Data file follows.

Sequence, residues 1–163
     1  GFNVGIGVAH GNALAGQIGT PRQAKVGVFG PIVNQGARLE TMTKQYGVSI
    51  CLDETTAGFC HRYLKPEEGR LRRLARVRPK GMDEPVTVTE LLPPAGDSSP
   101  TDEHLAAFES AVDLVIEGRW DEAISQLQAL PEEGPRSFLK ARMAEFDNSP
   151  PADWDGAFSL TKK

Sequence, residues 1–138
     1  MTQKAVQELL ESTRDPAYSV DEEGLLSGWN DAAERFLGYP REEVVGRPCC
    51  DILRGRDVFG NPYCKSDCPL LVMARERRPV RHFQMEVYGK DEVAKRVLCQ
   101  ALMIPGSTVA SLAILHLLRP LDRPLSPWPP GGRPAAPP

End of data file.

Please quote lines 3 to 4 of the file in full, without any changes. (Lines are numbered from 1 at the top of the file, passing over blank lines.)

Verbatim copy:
    51  CLDETTAGFC HRYLKPEEGR LRRLARVRPK GMDEPVTVTE LLPPAGDSSP
   101  TDEHLAAFES AVDLVIEGRW DEAISQLQAL PEEGPRSFLK ARMAEFDNSP